After a wave of enthusiastic publicity followed by an equal measure of skepticism, neuromarketing seems to finally be getting some respect.
Samsung and the firm Neuro-Insight told an audience of marketing researchers last month how they analyzed the distinctive brain activity of iPhone and Samsung enthusiasts to develop TV commercials that appealed to Apple fans. Usefully, if unsurprisingly, the work revealed that Apple enthusiasts didn't enjoy being mocked, but did respond to ads that pinpoint problems with iPhones and solutions offered by Samsung.
At the same meeting, the Advertising Research Foundation's Re!Think conference, Mars said a study of 110 TV ads showed that biometric research predicts sales results better than traditional survey-based copy testing.
And CBS Chief Research Officer and ARF Chairman David Poltrack said a new deal with Nielsen will bring "full neuroscience capability" to the CBS Television City research facility in Las Vegas. His goal is a "massive validation" to correlate neuro research with real-world sales. "Initial results we've gotten are very much confirming that neuro pretesting is very highly correlated with actual return on investment," Mr. Poltrack said.
What a difference five years makes.
Since the 1990s, neuromarketing has intrigued marketers who knew that what people say about ads isn't necessarily how they really think or feel. Researchers tried to address this by measuring brain waves, performing magnetic resonance imaging on brains and studying everything from sweat and heart rates to eye movements and fleeting facial expressions.
The resulting images of people hooked up to medical devices as they watched ads, and a belief that real insights resulted, got plenty of press. But it also rankled a skeptical market-research establishment. By 2011, when the Advertising Research Foundation convened its first investigation of neuromarketing, it found lots of promise but also rampant inconsistency among vendors. Some of the biggest players at the time refused to participate.
But at Re!Think, neuroscience was one of the pillars of the organizers' sweeping "How Advertising Works Today" study. The group cited eye-tracking studies, for example, to prescribe best practices for TV and online video creative. (In short: Use the same creative idea but edit the ads differently.)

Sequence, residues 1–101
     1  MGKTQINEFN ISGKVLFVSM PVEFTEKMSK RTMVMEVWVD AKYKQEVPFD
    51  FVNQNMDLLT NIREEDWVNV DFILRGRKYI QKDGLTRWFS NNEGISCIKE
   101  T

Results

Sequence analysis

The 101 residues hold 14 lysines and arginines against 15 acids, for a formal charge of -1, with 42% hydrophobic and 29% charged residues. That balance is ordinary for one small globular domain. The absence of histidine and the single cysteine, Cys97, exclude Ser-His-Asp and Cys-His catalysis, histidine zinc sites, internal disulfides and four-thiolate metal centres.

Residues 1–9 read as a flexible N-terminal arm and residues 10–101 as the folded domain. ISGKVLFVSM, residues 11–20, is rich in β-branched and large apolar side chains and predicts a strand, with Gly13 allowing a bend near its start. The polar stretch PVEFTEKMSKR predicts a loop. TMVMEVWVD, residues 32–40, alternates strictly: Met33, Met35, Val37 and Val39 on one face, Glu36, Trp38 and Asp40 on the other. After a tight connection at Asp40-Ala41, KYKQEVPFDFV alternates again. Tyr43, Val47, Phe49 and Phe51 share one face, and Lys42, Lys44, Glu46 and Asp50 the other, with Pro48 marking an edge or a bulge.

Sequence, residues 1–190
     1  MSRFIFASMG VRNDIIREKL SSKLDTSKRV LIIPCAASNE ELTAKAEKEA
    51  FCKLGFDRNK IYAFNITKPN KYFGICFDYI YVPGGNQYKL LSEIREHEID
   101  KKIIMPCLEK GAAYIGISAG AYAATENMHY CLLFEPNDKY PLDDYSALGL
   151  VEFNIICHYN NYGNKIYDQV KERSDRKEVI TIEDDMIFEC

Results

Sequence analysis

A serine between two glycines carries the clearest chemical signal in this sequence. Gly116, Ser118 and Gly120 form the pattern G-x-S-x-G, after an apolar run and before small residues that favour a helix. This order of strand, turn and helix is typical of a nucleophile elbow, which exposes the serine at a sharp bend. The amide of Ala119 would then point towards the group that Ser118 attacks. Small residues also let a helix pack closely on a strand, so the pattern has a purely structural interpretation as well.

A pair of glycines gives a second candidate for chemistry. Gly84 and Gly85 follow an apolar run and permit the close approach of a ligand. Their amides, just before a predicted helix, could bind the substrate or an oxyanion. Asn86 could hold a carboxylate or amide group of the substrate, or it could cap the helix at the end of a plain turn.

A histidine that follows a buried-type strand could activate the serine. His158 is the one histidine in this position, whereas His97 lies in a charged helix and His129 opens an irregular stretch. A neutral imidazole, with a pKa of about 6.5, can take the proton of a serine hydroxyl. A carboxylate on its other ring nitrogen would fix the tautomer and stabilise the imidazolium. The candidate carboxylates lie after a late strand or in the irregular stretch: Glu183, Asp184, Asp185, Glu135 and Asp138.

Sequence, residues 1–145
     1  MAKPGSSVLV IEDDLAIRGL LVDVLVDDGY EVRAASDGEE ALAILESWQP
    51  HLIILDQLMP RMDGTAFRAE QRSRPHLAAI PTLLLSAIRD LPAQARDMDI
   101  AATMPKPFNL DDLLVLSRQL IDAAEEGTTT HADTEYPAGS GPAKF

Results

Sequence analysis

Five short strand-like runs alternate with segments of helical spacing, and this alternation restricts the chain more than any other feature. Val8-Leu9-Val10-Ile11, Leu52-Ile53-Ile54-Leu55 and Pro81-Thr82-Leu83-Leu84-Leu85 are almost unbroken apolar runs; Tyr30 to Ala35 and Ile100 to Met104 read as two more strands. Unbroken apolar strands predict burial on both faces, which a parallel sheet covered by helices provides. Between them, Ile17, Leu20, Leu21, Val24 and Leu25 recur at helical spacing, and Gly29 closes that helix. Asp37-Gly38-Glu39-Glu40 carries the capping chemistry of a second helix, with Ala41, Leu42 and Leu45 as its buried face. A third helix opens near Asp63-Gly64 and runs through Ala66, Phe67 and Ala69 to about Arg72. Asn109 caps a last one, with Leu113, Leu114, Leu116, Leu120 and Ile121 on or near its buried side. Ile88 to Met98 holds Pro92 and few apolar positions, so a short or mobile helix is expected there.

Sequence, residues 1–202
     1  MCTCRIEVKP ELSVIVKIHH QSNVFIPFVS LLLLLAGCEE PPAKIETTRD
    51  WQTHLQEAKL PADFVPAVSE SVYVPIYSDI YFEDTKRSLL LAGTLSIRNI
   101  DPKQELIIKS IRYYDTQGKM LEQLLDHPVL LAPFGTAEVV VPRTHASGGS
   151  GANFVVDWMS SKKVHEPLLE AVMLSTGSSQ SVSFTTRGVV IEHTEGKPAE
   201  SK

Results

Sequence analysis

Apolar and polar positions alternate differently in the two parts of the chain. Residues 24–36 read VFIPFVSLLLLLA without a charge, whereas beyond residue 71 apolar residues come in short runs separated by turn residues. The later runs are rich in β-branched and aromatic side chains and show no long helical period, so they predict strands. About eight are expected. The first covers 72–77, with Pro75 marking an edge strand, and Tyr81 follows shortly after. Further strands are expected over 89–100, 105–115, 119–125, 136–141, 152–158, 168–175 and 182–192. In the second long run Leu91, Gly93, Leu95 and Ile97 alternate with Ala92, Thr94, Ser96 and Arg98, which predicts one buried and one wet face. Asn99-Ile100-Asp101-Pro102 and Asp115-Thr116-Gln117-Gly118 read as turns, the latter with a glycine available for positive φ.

Neuroscience figured prominently throughout the conference, where it was embraced openly by big brand marketers and media executives who spoke of applying it not just to theoretical projects but for immediate tasks.
Neuro-Insight, which uses a process called steady-state topography to measure brain activity, was particularly busy. In addition to the research with Samsung, it joined Facebook in reporting brain activity that suggests campaigns combining TV and Facebook encode memories in people's brains better than those using either medium alone.
Mars, the marketer of brands from M&M's to Iams, based its study of those 110 TV ads on facial response and eye tracking from MediaScience. Laurent Larguinat, director-consumer market insights at Mars, said biometrics predicted real sales results of TV ads 78% of the time, compared with 58% success for survey-based testing.
In a separate presentation, ESPN used MediaScience eye tracking to help make the case that marketers should consider a mobile ad "viewable" by consumers if it appears partly in view for just a half second, as opposed to the one or two seconds required by the Media Rating Council. MediaScience found that people generally fix their eyes on mobile ads faster than desktop ads, ESPN said. (That's yet to sway the MRC, which subsequently proposed matching time standards for mobile and desktop.)
Another sure sign that neuromarketing has come of age: industry heavyweight Nielsen is in, in a big way. After buying EEG tracker NeuroFocus in 2008, it bought Innerscope last year, giving it a stake in most facets of neuromarketing, including eye tracking, facial coding and other biometric tech. Nielsen Consumer Neuroscience now has 15 offices in 10 countries, with growing interest from big packaged goods, automotive and finance players, said Carl Marci, Nielsen's chief neuroscientist and co-founder of Innerscope.
"In the beginning, there was a hype cycle, which a lot of technologies go through," Mr. Marci said. "The brain is complex and mysterious, and this idea that we are reading minds and there's a buy button—crazy talk—I think didn't help."